‘Tis the season for vacations and car trips. Our family is heading out soon for a good long drive to the mountains. I’m no further in the preparations than thinking about which recorded books we might take on our journey. (This is easily one of the most important decisions of any trip we take.)
I asked for requests at dinner last night, which resulted in a trip down memory lane of past vacations and the books we listened to in the car. Red Reading Boots will profile a few of our family favorites these next few weeks — know that the books themselves are terrific, but the audio versions take these great books to another marvelous level.
One of our favorites was last year’s vacation feature by L.A. Meyer: Bloody Jack: Being An Account of the Curious Adventures of Mary “Jacky” Faber, Ship’s Boy. This is the first book in a long series about Mary “Jacky” Faber, one of the most exciting and impetuous young heroines to be found in children’s literature.
I learned about Jacky Faber on Book-A-Day Almanac. Anita Silvey so enthusiastically recommended the audio version of the second book in the series, Curse of the Blue Tattoo: Being an Account of the Misadventures of Jacky Faber, Midshipman and Fine Lady, that I immediately procured the first two audio books in the series from the library for our vacation drive last year. There are many more in the series — we could finish out our family vacations on these books, I suppose. Nobody in the car would complain, which, as we all know, is a miraculous thing when you’re driving for hours and hours a day in a car together.
To say that these are “curious” adventures and misadventures is an understatement. When we first meet Mary Faber, she is a young girl scavenging and barely surviving on the streets of eighteenth century London. She’s part of a street gang, but she has dreams of another life. That she thinks disguising herself as a boy and signing on a British warship in search of pirates on the high seas is a good “life choice” tells you quite a bit about her right at the outset of the series.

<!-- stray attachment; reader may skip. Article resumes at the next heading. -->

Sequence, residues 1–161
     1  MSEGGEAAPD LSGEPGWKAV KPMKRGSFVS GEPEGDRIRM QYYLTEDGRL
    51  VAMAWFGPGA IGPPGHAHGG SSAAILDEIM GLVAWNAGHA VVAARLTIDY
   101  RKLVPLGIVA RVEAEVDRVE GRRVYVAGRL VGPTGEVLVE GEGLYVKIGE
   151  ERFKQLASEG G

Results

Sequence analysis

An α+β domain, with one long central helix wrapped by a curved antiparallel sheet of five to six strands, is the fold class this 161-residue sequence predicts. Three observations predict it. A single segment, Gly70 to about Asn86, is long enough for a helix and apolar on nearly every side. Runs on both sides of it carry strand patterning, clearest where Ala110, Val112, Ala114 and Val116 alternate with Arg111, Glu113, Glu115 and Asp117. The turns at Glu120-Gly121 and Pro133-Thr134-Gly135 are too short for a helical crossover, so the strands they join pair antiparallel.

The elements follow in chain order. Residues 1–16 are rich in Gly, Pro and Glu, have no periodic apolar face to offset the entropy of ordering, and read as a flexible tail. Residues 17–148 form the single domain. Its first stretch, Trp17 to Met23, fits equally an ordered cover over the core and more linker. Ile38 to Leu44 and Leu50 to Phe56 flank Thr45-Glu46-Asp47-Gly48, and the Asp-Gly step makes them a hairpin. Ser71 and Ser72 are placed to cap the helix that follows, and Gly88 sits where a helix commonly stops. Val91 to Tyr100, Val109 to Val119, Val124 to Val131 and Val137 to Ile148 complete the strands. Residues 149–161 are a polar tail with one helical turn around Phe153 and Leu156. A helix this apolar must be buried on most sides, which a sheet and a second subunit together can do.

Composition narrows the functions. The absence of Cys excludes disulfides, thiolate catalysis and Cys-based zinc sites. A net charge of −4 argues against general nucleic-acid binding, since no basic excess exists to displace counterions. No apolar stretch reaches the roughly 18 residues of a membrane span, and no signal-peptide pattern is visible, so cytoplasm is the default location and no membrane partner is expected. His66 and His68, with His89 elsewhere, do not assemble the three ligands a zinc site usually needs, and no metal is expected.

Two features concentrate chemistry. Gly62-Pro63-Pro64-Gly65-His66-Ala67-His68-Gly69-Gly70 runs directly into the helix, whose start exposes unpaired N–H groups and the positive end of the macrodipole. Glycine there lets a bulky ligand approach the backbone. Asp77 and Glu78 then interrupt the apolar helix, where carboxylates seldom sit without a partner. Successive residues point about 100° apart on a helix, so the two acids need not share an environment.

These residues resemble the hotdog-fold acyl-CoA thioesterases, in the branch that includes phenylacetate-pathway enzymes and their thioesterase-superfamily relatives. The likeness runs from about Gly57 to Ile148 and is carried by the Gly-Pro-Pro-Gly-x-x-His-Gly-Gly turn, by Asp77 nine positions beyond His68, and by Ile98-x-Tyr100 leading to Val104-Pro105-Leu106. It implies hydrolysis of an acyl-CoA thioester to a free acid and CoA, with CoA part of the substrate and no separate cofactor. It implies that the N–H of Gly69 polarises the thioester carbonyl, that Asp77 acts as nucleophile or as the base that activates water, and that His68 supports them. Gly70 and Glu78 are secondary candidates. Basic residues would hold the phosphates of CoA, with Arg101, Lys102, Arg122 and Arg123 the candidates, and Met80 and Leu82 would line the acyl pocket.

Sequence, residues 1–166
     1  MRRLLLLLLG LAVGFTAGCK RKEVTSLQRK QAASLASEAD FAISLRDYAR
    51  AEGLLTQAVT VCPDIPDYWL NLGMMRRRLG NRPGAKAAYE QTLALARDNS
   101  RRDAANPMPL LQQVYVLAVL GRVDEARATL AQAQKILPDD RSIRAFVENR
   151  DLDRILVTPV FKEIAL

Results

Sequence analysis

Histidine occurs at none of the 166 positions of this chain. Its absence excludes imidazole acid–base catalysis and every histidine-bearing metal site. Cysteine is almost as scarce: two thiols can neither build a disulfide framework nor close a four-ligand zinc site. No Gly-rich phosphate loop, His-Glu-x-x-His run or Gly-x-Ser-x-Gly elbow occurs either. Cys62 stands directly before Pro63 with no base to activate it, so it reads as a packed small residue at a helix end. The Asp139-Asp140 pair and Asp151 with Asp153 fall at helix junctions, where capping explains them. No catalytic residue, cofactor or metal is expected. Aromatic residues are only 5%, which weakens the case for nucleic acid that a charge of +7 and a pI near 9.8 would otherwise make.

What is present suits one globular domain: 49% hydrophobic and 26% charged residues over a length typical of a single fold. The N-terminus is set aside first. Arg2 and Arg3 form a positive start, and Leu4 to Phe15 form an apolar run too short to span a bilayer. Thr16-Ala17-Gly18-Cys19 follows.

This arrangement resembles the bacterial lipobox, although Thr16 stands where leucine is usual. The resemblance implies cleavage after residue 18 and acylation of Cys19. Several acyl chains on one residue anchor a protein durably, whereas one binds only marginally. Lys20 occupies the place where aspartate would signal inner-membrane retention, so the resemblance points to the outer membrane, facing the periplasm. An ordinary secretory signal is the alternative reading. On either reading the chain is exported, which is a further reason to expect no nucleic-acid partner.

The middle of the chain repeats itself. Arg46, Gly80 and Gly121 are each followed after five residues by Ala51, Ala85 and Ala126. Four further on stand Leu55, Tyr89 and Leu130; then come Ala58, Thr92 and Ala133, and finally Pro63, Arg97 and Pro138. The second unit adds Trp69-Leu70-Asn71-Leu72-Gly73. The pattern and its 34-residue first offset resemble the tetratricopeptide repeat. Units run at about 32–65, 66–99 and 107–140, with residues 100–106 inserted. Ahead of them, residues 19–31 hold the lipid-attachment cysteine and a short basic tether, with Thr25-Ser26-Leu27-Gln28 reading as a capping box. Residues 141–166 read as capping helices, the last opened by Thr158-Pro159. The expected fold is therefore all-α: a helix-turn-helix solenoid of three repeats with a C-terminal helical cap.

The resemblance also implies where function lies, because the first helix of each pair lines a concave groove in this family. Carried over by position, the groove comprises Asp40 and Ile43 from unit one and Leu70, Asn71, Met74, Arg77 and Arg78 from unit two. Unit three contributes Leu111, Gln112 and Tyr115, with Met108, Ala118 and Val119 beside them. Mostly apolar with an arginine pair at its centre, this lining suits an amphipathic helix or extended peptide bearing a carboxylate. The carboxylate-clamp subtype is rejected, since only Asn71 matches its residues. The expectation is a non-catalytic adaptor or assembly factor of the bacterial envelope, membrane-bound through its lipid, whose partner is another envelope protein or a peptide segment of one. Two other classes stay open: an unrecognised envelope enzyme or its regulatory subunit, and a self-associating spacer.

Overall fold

The hilarity, anxiety, fright, and unrequited hope that the reader experiences as we follow Jacky on her curious (mis)adventures makes for quite the roller-coaster-like read. Or perhaps I should say roller-coaster-like “listen.” Katherine Kellgren, the actress who reads these stories is fantastic. She has a variety of accents and voices at her disposal, and she can sing a sea shanty like no one else. (There are lots of sea shanties and other songs in these books.) Kellgren’s voice embodies the raucous, delightful, and admirable character of Jacky Faber. I’ve since read (with my eyes) a few of the subsequent Bloody Jack novels and it is Kellgren’s definitive voice I hear in my head. I will not torture my family with my inferior reading — these are books we will listen to together.
Full-disclosure: the Bloody Jack series is PG-13. We listened when the kids were 10 and 16. Three of us cringed during a few of the scenes. However, we also had the opportunity to talk about lecherous old men, developing bodies, love and sex, right and wrong — we were locked in the car together going 70 mph down the road! There was no escape! (Also, many of the cringe-inducing scenes flew pretty far over the youngest’s head — euphemisms and British slang helped.)
The miles fly by listening to Jacky Faber’s antics and adventures. Plus, there’s quite a bit of history — British and American, mostly, but a fair amount of world history and geography. A person could feel righteous and smart listening to these sublime adventures on vacation!